Changes to the Visa Waiver Program (ESTA)


The Visa Waiver Program Improvement and Terrorist Travel Prevention Act of 2015 was signed into law on December 18, 2015. Nationals of visa waiver countries who have traveled to Iran, Iraq, Sudan or Syria on or after March 1, 2011, are no longer eligible for the visa waiver program, commonly referred to as ESTA. Although some exceptions do apply, individuals from visa waiver countries who have visited the countries listed above will need to apply for a visa through their local US Embassy or consulate.


US Citizens and US Permanent Residents who have traveled to Iran, Iraq, Sudan or Syria do not require any special permission to return to the United States. This law affects only foreign nationals who are among Visa Waiver Countries.

In addition, although there was pressure to make an exception for the law to exclude dual nationals from this requirement, if you are a dual national of the countries listed above and traveled to the country on or after March 1, 2011, you will need to apply for a visa. However, simply being a dual national does not require that you apply for a visa waiver if you did not travel to Iran, Iraq, Sudan or Syria. Some recommend that it may be advisable to still apply for a visa if you are a dual-national.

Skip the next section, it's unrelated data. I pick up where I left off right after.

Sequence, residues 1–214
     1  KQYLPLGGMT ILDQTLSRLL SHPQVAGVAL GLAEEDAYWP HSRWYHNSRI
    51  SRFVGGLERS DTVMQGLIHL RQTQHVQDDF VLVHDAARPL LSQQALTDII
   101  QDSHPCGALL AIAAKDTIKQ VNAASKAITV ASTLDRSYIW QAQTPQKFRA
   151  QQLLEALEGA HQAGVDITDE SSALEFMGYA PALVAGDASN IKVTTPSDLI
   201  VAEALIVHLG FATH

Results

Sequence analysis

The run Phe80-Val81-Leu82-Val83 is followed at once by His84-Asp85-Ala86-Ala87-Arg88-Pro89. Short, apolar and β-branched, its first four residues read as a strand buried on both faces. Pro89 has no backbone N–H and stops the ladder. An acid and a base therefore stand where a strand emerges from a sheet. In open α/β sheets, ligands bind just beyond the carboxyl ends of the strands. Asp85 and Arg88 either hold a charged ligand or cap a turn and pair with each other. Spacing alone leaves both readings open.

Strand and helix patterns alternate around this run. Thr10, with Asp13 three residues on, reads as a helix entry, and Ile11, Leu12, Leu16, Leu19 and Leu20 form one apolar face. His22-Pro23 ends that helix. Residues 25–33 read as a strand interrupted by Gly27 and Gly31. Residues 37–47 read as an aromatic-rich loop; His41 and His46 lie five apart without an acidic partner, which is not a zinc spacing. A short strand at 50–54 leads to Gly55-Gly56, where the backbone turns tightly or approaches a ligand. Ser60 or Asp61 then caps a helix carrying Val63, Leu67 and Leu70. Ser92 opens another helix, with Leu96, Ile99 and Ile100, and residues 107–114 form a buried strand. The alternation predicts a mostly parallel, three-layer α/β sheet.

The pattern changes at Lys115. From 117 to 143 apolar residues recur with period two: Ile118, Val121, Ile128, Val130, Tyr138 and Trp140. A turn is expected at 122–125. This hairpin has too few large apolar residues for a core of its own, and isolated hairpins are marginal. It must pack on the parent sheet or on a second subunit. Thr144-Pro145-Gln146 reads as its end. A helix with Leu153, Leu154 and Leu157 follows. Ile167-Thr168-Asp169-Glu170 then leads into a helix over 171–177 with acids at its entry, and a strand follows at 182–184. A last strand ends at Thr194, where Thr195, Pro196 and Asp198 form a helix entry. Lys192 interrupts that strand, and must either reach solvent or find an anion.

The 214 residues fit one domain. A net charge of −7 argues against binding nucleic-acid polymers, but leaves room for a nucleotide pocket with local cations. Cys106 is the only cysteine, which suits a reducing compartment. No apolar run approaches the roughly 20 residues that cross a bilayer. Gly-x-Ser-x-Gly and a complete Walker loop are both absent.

Further, because the Visa Waiver Program is based on reciprocity, it is anticipated that some visa waiver countries may enact similar laws. Currently, no laws have been passed by other countries requiring a visa for United States Citizens who travel to a Visa Waiver Country and have visited the countries listed in this legislation. In other words, the new Visa Waiver law affects foreign nationals, not United States Citizens or US permanent residents (although this may change in the future.)

Finally, note that Canadian nationals are not considered to be part of the Visa Waiver Program. Canadians are visa-exempt. Therefore, this legislation will not effect Canadians who have traveled to Iran, Iraq, Sudan or Syria.


The National Iranian American Council (NIAC) has spearheaded a campagin to change this law, which discriminates against Iranians, Iraqis, Sudanese and Syrian people. NIAC accurately notes that "thousands of Europeans who are Iranian dual nationals or have visited Iran have already been kicked out of the visa waiver program, including prominent journalists like BBC Persian’s Rana Rahimpour and New York Times Tehran Correspondent Thomas Erdbrink." To help change this law, join NIAC's campaign to end immigration discrimination.


US Customs and Border Protection has published an FAQ. For more information to commonly asked questions, please click here.

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